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Founder of Vermeer Corporation passes away at 90

Published on 09 April 2009

Gary Vermeer, founder and chairman emeritus of Vermeer Corporation in Pella, Iowa, died February 2 at the Comfort House of Pella. He was 90 years old.

He is survived by his wife, Matilda, and three children and their spouses; Stanley and Alma Vermeer, Robert and Lois Vermeer and Mary and Dale Andringa; eight grandchildren; and nine great grandchildren.

Gary Vermeer and a cousin started their farm machinery business in 1948, after inventing a wagon hoist which made it easier to unload corn five years earlier.

Demand for the labor-saving device from his neighbors prompted him to open Vermeer Manufacturing Company.

From that small operation, the company has grown over the past 60 years to an international organization that manufactures agricultural, construction, environmental and industrial equipment.

Vermeer Corporation has industrial dealerships in over 60 countries and on every continent, except Antarctica, in addition to hundreds of agricultural equipment dealers throughout the U.S. Its corporate offices and manufacturing facility in Pella, Iowa, cover 1.5 million square feet – more than 33 acres.

Two of Gary Vermeer’s children, Robert Vermeer and Mary Vermeer Andringa, now serve as co-chief executive officers of Vermeer Corporation. Three of his grandchildren also are active in the corporation.

Perhaps Gary Vermeer’s best- known manufacturing contribution is the Vermeer round hay baler, an invention that revolutionized agriculture in 1971 as it turned the labor-intensive process of hay baling into a one-man operation.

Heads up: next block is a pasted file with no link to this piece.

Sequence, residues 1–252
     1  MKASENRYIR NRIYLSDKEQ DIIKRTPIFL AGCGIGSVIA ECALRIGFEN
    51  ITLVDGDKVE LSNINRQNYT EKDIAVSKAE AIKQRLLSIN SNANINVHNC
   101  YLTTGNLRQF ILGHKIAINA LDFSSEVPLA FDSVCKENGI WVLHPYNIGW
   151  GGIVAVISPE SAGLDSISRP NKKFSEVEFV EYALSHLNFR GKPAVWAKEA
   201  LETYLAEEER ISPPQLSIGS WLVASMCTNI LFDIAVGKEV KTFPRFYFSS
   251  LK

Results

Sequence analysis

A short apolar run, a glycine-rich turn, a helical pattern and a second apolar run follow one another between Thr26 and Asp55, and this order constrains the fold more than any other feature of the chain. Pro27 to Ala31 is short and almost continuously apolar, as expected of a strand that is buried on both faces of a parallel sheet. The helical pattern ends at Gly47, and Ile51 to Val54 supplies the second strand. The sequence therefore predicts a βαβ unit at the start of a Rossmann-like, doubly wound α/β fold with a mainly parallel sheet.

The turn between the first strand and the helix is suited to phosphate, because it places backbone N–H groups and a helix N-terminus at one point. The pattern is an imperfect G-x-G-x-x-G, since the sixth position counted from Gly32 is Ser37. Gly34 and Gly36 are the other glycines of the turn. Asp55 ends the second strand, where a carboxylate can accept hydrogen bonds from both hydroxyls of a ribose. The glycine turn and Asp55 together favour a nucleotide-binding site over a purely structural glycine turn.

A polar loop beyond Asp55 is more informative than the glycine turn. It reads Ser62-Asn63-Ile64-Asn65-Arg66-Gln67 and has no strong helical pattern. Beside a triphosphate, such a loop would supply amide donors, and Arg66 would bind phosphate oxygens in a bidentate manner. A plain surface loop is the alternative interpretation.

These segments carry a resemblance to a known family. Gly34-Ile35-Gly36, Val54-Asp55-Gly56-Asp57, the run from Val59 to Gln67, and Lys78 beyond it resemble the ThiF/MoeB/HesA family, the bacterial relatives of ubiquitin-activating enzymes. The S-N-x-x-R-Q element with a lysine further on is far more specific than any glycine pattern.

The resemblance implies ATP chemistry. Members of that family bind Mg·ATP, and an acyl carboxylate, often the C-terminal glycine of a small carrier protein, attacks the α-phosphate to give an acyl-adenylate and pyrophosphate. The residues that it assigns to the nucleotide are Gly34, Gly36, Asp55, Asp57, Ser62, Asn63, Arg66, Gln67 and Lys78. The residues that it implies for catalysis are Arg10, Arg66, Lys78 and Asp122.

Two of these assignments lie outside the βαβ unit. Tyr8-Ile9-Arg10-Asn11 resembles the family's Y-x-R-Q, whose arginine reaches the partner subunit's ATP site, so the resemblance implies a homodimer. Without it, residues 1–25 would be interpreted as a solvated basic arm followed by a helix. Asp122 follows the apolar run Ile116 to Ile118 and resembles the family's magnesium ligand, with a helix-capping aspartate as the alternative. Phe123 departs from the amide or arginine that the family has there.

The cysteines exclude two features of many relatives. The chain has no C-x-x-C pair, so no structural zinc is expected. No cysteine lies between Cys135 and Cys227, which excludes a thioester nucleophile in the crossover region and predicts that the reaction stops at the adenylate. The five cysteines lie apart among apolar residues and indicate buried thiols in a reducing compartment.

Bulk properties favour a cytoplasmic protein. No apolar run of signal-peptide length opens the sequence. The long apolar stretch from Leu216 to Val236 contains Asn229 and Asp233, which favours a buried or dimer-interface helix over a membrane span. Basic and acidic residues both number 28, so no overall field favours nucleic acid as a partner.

Born September 29, 1918, in Pella to Jacob and Anna Vermeer, Gary Vermeer was raised in a farming community with strong Dutch roots. After his marriage in 1941 to Matilda Van Gorp, the couple started their lives together with 120 acres of land.

Throughout the years, Vermeer continued to accumulate farmland, and though he hired farm managers as factory demands increased, Vermeer always took time out of his schedule to climb back on the cultivator, planter or combine, as recently as spring of 2007.

All of his grandchildren – and many of his great grandchildren – have enjoyed sitting at his knee or by his side while he harvested corn.

Vermeer also took an active role in his church and community, and he used his passion for the outdoors and for flying to serve others. In 1958, he helped lead a drive that raised more than $450,000 to build the Pella Hospital.

Two decades later, he led another fund drive to raise $1.5 million to expand the hospital. He first obtained a pilot’s license in 1950 to save travel time when visiting customers and dealers.

By the late 1960s, he was regularly ferrying people – customers, employees, friends and mere acquaintances from his church and community – to a wilderness camp in Canada.

For almost 40 years, he treated hundreds of people to these trips to Canada. While Vermeer enjoyed the flying and was an avid fisherman and hunter, his biggest enjoyment was providing a new experience for others.

In honor of Gary Vermeer and his lifetime of contributions, a website has been established.   FG

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